Tuesday, June 7, 2011

21. Stachka


This film was actually rather disturbing but there is no question about why it made the list.  The editing is incredible and it reminds me very much of kind of a Baz Luhrmann style (if you do not know who that is, shame on you for never seeing Moulin Rouge!).  The director seemed to really get how to work with film and what it was capable of.  Towards the ending, during the famous carnage scene, he cuts to a cow being slaughtered (it was really gross) to mirror the massacre of the workers.  Even though that was totally disgusting and random, it shows how far ahead he was to be able to not only invision such a scene but actually to carry it out and not make it look stupid.

This movie is able a worker's strike which gets painfully quelled in Russia.  Not very interesting storywise, but the director keeps it intriguing with the way he films it.  The beginning was nuts with all the fast scene cuts and there was a really disturbing scene that involved a little girl but other than that it was an interesting movie. This film is also an example of propaganda in the Soviet Union because it shows how noble proletariats and how cruel the upper class was.  A very enlightening film.

RATING: ***-- (there would be more stars if I could get certain scenes out of my head)

Interesting Facts:

First Russian film on the list (good first impression...).

Actually beginning to like silent films.  This book has already taught me so much!

This is available to watch on YouTube.  They don't have this movie on Netflix.  You can watch the entire movie right now!


  1. I've not seen it but the slaughter juxtaposition was obviously used again by Coppola in Apocalypse Now.

  2. Ah, Amanda .. one of the glories of yu now getting new followers is they reach back into the really old days and bring to my attention some of your posts I had missed ..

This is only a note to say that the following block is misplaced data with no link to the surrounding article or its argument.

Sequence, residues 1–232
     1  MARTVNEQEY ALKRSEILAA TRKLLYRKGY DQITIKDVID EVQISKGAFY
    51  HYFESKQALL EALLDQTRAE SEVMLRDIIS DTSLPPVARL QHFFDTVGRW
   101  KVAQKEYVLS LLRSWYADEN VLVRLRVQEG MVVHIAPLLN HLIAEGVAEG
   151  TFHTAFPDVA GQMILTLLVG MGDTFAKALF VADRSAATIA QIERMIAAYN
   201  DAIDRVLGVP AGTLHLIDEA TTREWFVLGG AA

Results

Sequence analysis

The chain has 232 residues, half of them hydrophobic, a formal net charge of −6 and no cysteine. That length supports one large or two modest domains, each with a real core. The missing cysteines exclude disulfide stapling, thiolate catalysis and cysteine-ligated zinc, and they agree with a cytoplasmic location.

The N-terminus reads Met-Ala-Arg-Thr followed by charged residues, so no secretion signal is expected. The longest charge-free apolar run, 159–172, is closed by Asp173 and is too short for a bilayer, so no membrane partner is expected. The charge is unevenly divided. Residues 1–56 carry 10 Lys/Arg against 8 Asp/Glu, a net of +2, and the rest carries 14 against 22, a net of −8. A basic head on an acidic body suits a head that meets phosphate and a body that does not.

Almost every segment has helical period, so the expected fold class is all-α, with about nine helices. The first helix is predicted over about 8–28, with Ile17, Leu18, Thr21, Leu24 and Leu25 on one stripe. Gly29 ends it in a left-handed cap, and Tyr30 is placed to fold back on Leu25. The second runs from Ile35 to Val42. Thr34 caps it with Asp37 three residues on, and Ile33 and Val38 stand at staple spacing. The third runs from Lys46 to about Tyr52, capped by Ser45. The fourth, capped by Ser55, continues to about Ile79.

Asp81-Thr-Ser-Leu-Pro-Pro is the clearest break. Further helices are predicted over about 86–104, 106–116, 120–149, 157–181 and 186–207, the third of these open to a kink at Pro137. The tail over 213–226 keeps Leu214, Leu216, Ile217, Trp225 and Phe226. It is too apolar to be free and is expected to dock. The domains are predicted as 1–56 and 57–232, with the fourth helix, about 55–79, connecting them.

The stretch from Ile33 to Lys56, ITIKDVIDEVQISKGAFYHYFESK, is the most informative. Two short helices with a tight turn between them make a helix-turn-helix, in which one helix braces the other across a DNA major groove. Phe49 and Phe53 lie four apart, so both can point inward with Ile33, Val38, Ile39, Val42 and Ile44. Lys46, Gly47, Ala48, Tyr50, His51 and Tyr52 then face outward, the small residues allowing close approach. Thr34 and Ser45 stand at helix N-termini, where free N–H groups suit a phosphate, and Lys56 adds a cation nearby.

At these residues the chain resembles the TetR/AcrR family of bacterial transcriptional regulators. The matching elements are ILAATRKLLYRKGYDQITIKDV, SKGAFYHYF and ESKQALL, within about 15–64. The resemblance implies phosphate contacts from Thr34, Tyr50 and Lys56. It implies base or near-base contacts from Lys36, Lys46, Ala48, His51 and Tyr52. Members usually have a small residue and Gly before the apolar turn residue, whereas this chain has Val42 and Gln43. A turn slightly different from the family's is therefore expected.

What I love about reading this one is that it's a bit of a landmark in your postings .. you are starting to really appreciate silents, and this is your first bit of Soviet propaganda, giving a reasonable reception .. but I can remember how, 'in the future' you will come to groan at yet another bunch of oppressed workers being gunned down by evil oppressive bosses / landlords / Czarist troops.

  3. I thought this was better than its successors Battleship Potemkin and (certainly) October

  4. Hi there Dessie .. Really, I'm intrigued by that ...
    I'm thinking how powerful the 'misty' storming of the winter palace scene is, with the good guys climbing the gates and rushing through the rooms ... And, OK, now it may seem a chiche, but the first time you see the sailors being fed maggoty meat .. and the odessa steps .. Come on .. I know how much we are 'expected' to like it ... and I too have a natural instinct to be contrary .. but it is damn effective.
    So maybe I forget boring stretches in the other two? Maybe because it took me some time to get to this ne .. but by the time I had, like Amanda will later, I'd got a tad imune to it all...

  5. All three share common styles which, to me, I haven't really come across elsewhere. So it's inevitably a factor that whichever I see first will be fresh and the others progressively less so. So maybe that's part of it. And I should also clarify that I was also impressed with Battleship Potemkin, just to a lesser degree.

    October had its flashes of genius and there was generally much to admire, but put it all together and it had kind of lost its way. Possibly constrained by a more detailed narrative, it dragged on and included a number of sections that probably would have been left on the cutting room floor if this was a work of fiction.

    Which, in turn, was another problem. I've read quite a bit about the subject and I think was reading Trotsky's biography around the time I watched it, so I was quite aware how many of he details were stilted or, frankly, a work of fiction. I know you have to put these things to one side when watching these films and generally I do, but as the time dragged by I can't help but lose focus and start asking "Really? You're actually claiming that?"

  6. This is another one that has kind of faded from my memory. But I am impressed that you read Trotsky's biography. That sounds...well, that just sounds awful.

  7. It was pretty good. Both of Simon Sebag Montefiore's biographies of Joseph Stalin are compelling must-reads. The subject matter itself is naturally difficult in places though, of course.

    Actually, I was going to email you today. I just read Bret Easton Ellis's The Rules of Attraction and wanted to discuss it with someone so wondered if you'd read it?

  8. No I haven't. I read American Psycho and that was enough Ellis for a lifetime.

  9. Whilst I'm going off topic, I had a couple of requests for blog posts...
    - An Oscars for the full 1,001 movies in your edition of the book
    - Something about how you felt having completed the milestone; elated? exhausted? Fulfilled? disappointed?

    1. Good idea! I might do the Oscars but that seems like such a difficult task. As for the post about completing the milestone, I thought I kind of covered that with my last Oscars post. Maybe I can write one with a question/answer type format.